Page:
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August 17, 2011

Now, we are officially expectant parents once again and anxious to get the process moving forward. First step to that end: orientation. It sounds harmless, right? Upon learning about our acceptance on Friday, our social worker emails us a huge stack of documents we have to print out and have in front of us while we go over everything with her by speaker phone. So, we make an appointment for the coming Wednesday and arrange for Eliza and Jude to spend the afternoon at a friend’s house and Tim to get his last period covered so that he can come home in time. Simple enough, thanks to some sweet friends and a generous principal.

The orientation was exciting. The first document we went over was a flow chart of how the process works. A step-by-step visual. For a type A, list maker like me, it was thrilling to have it all spelled out. After that, we went over each document one by one. Most of it was what you would expect: a service agreement with the agency, release forms notating that there are third-party things out of the agency’s control, agreement forms for post-adoption services and the like. The last document we went over was the one that took me by surprise. It was a form listing a ton of different disorders and diseases, which required the adoptive parents to select “yes” or “no” for each one. I almost choked as I looked it over. It basically looked like an “order form” for a child, requiring you to choose what is and is not acceptable. Now, please know this is standard procedure and nothing weird about our agency, but I was just not expecting it at all. Needless to say, Tim and I had the hardest time filling it out. More about that later.

After she had gone over all of the documents and asked if we had any questions, our social worker brought our attention back to the first sheet, the flow chart. She pointed out that the step after orientation was “home study.” She explained that she was traveling to Houston (remember, the agency is 3 hours away in Waco) the coming Monday in order to do a post-placement visit with another family and wondered if we would be interested in doing our home study then. She told us that we could split the mileage with the family doing the post-placement visit, and it would save her a second trip to Houston at a later date. Everybody wins.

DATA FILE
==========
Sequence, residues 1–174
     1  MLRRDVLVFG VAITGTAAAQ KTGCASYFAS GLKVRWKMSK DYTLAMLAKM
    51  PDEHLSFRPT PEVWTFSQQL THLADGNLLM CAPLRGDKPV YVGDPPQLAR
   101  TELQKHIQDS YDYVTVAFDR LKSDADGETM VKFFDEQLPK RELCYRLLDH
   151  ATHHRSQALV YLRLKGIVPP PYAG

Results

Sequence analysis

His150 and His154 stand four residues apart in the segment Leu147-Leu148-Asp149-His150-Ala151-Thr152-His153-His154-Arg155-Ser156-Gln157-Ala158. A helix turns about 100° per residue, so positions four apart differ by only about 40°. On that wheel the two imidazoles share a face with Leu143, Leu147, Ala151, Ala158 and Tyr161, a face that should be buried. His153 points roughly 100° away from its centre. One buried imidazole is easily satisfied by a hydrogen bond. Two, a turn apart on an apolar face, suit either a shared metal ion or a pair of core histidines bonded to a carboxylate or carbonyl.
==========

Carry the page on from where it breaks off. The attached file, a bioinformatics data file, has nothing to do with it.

We about fell out of our chairs at this point. We had just submitted our application ten days earlier, and now we were already talking about scheduling a home study four days out! After we finished stuttering, “Uh… well… I don’t know…,” we finally started gathering information of what that would entail and discovered that we had to make some changes around our house to make it home study ready, fill out detailed individual autobiographies for each of us, do 8 hours of online training and fill out all the paperwork we had just gone over during orientation to give to her when she arrived. Oh, is that all?

Our social worker of course explained that she would be happy to come to Houston at a later time if we didn’t think we could do it. There was no pressure. She just wanted to let us know about the option. We thanked her, asked if we could let her know the next day, hung up and looked at each other. After a few minutes of “can we do this?” “it’s a lot of stuff” “I don’t know if we can get it all done” etc., we finally just realized that as crazy as the next four days would be, we were really looking forward to being done with the home study step, so we decided to go for it. You can probably imagine the insanity that ensued. Stay tuned.

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